Spring cleaning seems to lead inevitably to poetry, at least for me. I think it’s the hyper-focus on objects and surfaces, combined with the repetitive motions of cleaning that keep the hands busy but leave the mind free to wander fruitfully. This year that combination resulted in a poem about my refrigerator, which is not as boring as it probably sounds (I think).
poetesque, over at The Poetic Licence1 was kind enough to ask to see the poem, and kinder still to send a few words about it. “I love your sound-play,” she said. “How long did it take you to make that work, because that is something I struggle with.”
And I had to reply, somewhat shame-facedly, “The sound play just kind of happened. This is, in my opinion, the most annoying thing about poetry—the poems that work come together pretty quickly and without tons of conscious thought, and the ones that don’t work right out of the gate I can fuss over forever and they still never quite get to where I hoped they would.”
poetesque agreed. “I know, I know…. The 98% of poems that you struggle over and rewrite for ten years, vs. the 2% that just hang together from the start. I’ve partially concluded that the successful, well-known poets I admire have figured out how to push more of that 98% into the other camp.”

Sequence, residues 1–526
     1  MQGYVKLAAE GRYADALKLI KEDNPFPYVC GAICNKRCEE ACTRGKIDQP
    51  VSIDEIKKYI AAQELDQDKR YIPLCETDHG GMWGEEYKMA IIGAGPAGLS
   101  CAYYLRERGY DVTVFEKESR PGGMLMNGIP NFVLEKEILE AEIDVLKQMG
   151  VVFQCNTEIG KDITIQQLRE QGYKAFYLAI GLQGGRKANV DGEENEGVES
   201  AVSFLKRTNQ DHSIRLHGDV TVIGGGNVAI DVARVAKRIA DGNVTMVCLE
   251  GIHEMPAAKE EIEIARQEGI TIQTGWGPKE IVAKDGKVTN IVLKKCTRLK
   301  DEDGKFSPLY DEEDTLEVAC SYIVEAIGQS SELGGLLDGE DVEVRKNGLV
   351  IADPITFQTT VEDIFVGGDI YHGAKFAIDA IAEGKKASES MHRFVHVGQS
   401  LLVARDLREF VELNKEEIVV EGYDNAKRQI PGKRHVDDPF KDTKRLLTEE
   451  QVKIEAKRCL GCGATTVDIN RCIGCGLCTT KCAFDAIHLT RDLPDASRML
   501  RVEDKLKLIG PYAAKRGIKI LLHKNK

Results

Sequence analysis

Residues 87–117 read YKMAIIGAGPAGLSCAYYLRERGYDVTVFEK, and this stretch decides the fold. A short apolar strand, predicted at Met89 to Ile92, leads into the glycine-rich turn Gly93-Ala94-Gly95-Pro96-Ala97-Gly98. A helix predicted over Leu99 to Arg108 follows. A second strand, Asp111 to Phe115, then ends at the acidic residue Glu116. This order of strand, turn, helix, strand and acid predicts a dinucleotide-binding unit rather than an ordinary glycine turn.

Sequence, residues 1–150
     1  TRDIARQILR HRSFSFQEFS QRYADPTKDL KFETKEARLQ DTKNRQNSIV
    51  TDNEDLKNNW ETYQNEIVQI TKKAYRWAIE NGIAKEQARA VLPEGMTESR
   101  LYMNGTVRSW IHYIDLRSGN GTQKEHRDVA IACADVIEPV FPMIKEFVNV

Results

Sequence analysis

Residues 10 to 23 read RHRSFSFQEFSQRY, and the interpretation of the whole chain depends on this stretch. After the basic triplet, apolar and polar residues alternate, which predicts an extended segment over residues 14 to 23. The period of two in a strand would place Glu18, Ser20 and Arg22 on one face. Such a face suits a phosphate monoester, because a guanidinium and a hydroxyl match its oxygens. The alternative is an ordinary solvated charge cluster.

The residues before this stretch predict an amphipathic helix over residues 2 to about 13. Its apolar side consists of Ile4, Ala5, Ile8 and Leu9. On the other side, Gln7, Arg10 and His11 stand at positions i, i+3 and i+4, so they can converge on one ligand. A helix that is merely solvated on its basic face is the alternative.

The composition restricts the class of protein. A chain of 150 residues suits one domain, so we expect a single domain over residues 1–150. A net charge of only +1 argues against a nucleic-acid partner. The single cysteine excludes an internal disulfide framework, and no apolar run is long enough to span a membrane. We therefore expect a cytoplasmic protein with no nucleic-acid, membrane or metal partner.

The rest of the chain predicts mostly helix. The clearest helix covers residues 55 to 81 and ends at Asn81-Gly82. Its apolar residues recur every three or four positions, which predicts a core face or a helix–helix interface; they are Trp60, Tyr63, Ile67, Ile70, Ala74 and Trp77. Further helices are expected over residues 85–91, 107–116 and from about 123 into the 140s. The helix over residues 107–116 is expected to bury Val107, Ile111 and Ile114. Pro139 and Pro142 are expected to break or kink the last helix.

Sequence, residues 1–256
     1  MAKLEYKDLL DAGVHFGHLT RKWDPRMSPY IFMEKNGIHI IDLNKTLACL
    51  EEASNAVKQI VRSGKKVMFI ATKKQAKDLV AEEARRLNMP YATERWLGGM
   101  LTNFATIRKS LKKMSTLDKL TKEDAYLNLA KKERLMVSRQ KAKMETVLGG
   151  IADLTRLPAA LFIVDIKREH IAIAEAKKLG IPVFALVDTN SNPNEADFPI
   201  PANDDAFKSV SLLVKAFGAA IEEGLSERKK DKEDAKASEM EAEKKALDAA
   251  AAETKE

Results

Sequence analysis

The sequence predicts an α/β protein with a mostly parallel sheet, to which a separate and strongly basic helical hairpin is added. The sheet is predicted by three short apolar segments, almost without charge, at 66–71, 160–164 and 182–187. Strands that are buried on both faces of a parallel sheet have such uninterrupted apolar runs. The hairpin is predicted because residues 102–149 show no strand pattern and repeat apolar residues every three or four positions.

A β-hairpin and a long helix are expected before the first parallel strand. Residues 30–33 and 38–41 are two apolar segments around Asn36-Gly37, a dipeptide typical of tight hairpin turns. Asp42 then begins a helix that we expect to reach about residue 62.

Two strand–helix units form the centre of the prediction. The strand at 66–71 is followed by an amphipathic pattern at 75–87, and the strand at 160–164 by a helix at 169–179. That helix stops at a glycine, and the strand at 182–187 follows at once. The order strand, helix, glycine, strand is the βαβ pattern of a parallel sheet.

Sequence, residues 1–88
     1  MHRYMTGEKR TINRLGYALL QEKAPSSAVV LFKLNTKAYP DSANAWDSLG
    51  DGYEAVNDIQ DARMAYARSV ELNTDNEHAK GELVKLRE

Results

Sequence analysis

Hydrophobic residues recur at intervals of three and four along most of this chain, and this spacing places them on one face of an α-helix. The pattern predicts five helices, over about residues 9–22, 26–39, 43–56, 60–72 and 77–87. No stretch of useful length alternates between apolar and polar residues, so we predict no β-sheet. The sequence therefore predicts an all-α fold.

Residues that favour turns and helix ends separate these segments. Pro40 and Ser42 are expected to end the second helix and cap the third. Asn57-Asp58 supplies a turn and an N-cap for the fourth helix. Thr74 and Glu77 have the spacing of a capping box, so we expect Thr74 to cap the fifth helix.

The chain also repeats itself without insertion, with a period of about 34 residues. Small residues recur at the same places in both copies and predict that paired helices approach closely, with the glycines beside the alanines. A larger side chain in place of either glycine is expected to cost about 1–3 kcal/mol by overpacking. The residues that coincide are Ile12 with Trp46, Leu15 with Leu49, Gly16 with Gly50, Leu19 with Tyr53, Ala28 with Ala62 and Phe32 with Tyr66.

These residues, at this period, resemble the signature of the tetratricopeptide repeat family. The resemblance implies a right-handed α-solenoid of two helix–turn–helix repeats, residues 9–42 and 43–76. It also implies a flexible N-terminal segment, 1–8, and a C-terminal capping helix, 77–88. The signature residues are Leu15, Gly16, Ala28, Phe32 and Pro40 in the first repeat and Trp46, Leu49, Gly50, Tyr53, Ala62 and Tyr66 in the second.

Now, this was interesting. I, too, thought those successful poets were doing something differently than I, but I assumed that they were just giving up on the 98% sooner: cutting their losses quickly and getting on to the next poem that might be in that magical 2%.
I think that this was, in part, an overreaction to a tendency I had when first writing poetry to focus on a single poem, determined to get it perfect before I’d let myself move on to the next one. Not surprisingly, this made for excruciatingly slow progress, and a lot of overworked poems. One promise I’ve made myself this semester—in a counter-overreaction, I’m sure—is that I will only send new poems to my advisor. I’m getting my group of poems to the best point I can within each month, and then I’m putting them aside. I have written a lot more this semester, and I think the base quality of my work is also somewhat improved. And I know that this is not unrelated to letting go of that crabbed perfectionism, at least for now.
But I also think the real answer to the question of what the successful poets do is closer to poetesque’s take on it, and I’m sure I will spend some future semester focused on revision techniques.
In fact, I have a test case for this theory of whether a terrible first (or second or third) draft can be rehabilitated that I am working on right now. I’ve got a draft that, as my advisor says, “has all the parts of a poem, but isn’t a poem,” an assessment that is both succinct and absolutely true. The central image is one that has gripped me since I was a child, and I am loathe to give up on it, though I am now five drafts in and things are still getting worse, rather than better. Can this poem be saved? I promise an answer in a future post…
1 If you do not follow her blog, you really should. So much deeper and more thoughtful than the superficial chitchat you get in this neighborhood…